The tax concentration requires a minimum of 12 hours, with two required courses and two electives.
|ACTG 625. Tax Research and Strategy||
|ACTG 627. Advanced Taxation of Business Entities I||
|Electives chosen from the list below or approved by the MSA director 6|
|ACTG 628. Advanced Taxation of Business Entities II (3)|
|ACTG 629. Selected Topics in Taxation (3)|
ACTG 594. Business Practicum for Accountants. 1-3 credits.
Through the Accounting Internship Program, students engage in a supervised work experience in public accounting, industry, not-for-profit organizations or government. During this time, students gain insight into the real world that will enhance their understanding in subsequent accounting course work. It is the expectation that students taking 594 will have significant accounting classes to complete when they return to JMU from the internship. Prerequisite: Permission of internship director.
ACTG 625. Tax Research and Strategy. 3 credits.
Provides the student with a working knowledge of tax research methodology and the technology utilized by tax professionals. Case-based to provide experience in dealing with unstructured situations encountered in professional tax practice. Both problem identification and resolution are emphasized. Because this is a capstone course, a grade of "B" or better is required in this course for successful completion of the M.S.A. program with a tax concentration. Prerequisite: Master of Science student or permission of the instructor.
ACTG 627. Advanced Taxation of Business Entities I. 3 credits.
Considers federal tax consequences across business entities, including sole proprietorships, partnerships, corporations electing "S" status and corporations. Prerequisite: Master of Science student or permission of the instructor.
ACTG 628. Advanced Taxation of Business Entities II. 3 credits.
Continuation of ACTG 627 dealing with more in-depth tax issues involving partnerships, corporations and "S" corporations. Potential topics include distributions, liquidations, reorganizations and affiliations. Emphasizes problem identification, tax treatment and tax planning strategies. Prerequisite: ACTG 627.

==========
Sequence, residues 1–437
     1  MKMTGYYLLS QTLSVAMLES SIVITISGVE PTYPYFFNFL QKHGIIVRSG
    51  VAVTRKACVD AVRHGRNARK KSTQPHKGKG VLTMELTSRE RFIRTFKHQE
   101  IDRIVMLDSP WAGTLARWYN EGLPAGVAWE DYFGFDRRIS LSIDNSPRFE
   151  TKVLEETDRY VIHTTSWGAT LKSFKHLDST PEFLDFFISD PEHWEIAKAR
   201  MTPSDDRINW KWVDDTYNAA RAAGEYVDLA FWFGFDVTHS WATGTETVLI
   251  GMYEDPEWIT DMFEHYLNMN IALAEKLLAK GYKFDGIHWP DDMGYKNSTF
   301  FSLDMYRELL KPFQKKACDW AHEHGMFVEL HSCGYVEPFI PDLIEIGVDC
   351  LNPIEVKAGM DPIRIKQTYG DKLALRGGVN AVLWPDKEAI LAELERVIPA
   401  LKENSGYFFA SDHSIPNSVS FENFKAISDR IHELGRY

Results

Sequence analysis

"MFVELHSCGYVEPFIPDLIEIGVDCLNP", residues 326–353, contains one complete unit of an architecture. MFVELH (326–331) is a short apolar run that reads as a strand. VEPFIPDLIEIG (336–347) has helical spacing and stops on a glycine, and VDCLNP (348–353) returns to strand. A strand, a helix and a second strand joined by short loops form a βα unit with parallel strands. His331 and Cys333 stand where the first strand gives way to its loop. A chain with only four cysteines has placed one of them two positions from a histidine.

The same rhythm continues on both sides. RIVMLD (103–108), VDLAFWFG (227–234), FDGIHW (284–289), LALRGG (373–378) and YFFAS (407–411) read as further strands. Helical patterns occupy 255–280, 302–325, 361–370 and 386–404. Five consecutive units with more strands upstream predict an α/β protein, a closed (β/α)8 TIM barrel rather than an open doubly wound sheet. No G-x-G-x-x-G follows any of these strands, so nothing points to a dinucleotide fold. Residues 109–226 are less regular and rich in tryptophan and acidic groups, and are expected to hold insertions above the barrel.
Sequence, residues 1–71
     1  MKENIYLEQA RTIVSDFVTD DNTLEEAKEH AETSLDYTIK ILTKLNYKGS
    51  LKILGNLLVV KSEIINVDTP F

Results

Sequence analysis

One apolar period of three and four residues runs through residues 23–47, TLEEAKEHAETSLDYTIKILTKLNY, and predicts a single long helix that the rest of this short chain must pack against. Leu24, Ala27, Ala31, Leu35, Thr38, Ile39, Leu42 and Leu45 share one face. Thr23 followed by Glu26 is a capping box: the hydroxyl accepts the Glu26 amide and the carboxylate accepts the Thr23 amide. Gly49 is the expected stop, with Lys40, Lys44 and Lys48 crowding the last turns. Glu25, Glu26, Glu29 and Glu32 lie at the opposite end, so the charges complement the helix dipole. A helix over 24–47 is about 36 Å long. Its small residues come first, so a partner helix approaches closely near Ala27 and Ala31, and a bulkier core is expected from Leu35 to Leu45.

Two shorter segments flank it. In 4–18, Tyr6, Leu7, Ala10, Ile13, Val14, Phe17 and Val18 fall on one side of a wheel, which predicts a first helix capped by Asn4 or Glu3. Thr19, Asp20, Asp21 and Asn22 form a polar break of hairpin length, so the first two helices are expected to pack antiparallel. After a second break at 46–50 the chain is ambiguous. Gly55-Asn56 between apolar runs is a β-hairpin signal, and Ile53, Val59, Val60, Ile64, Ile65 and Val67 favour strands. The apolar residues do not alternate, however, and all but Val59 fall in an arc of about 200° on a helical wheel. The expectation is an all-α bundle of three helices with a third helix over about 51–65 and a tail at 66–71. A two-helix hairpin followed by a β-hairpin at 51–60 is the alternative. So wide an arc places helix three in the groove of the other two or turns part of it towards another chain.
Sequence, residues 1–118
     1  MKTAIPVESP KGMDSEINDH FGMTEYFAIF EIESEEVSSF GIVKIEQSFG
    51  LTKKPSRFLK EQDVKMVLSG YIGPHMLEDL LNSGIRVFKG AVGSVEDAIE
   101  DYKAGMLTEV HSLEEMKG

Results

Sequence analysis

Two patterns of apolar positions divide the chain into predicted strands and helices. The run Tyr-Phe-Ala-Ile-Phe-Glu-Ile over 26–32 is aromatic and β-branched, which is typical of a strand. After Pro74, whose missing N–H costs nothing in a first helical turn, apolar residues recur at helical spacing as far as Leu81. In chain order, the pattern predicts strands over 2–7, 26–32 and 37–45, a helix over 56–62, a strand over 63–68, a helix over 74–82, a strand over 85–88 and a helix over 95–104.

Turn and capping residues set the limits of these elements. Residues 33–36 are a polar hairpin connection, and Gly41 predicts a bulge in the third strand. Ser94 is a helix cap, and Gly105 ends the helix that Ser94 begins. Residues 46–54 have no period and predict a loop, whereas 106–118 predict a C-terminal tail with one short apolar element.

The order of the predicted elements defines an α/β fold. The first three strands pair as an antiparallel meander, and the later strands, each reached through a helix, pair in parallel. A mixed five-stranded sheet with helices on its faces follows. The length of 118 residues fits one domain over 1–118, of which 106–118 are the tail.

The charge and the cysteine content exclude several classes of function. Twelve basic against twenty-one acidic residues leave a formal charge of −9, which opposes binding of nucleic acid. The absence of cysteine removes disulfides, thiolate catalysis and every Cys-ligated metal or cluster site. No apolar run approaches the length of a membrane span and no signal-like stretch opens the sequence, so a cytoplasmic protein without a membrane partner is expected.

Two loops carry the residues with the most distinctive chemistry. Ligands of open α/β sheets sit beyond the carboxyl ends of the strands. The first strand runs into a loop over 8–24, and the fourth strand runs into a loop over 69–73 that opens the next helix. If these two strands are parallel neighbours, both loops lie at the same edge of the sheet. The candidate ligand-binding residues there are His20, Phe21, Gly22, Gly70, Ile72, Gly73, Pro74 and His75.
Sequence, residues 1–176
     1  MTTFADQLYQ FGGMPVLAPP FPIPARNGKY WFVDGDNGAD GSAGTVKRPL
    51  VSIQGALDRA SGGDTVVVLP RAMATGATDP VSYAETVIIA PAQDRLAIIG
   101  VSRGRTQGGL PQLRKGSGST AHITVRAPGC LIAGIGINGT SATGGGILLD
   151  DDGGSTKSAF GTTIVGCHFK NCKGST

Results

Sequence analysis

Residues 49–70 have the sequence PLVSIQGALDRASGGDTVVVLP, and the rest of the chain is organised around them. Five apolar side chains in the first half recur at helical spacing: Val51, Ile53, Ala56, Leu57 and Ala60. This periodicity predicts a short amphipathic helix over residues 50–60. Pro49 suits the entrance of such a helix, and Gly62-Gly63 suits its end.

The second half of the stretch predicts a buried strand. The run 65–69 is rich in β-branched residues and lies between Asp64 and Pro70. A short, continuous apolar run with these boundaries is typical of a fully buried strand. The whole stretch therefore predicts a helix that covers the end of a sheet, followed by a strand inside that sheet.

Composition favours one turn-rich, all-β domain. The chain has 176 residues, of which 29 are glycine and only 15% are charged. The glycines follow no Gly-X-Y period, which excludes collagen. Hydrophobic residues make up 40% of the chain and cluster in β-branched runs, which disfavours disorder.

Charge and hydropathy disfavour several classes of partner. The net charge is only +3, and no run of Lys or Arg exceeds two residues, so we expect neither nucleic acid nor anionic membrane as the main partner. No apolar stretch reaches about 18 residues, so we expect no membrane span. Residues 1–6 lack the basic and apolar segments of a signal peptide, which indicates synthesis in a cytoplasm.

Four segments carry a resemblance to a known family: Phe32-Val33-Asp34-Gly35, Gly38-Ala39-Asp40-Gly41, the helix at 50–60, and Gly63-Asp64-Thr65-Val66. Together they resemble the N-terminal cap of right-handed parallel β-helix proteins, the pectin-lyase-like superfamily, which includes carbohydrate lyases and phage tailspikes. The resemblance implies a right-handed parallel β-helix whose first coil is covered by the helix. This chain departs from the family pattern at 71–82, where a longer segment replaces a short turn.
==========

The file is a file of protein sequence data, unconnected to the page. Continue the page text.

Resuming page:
ACTG 629. Selected Topics in Taxation. 1-3 credits.
Seminar on tax topics of current interest in specialized areas. Topics may include international taxation, deferred compensation, problems of closely-held businesses, estate planning and taxation of trusts, and new developments. May be repeated to a maximum of six credit hours for different topic areas. Prerequisite: Master of Science student or permission of the instructor.
ACTG 630. Seminar in International Accounting. 1-3 credits.
Designed to develop a fundamental knowledge of the assumptions, environmental considerations and techniques underlying the collection and reporting of financial information by entities in other countries. Prerequisite: Master of Science student or permission of instructor.
ACTG 640. Accounting Information Technology. 3 credits.
In-depth coverage of modern technology used in the accumulation, reporting and analysis of accounting data. This course covers modern computing hardware, telecommunications, networking and intermediate systems design concepts. Also provides an introduction to information security. Prerequisite: Master of Science student or permission of the instructor.
ACTG 645. Advanced Accounting and Reporting. 1-3 credits.
Focuses on the development and use of financial information as it relates to business combinations, intercompany transactions and statements denominated in foreign currencies. Prerequisite: Master of Science student or permission of the instructor.
ACTG 651. Fraud Detection and Prevention. 1-3 credits.
Covers the principles and methodology of fraud detection and prevention. Specifically addresses consumer fraud, management fraud and employee fraud. Emphasizes prevention through internal controls as well as evidence gathering techniques. Prerequisite: Master of Science student or permission of the instructor.
ACTG 652. Operational Audit. 1-3 credits.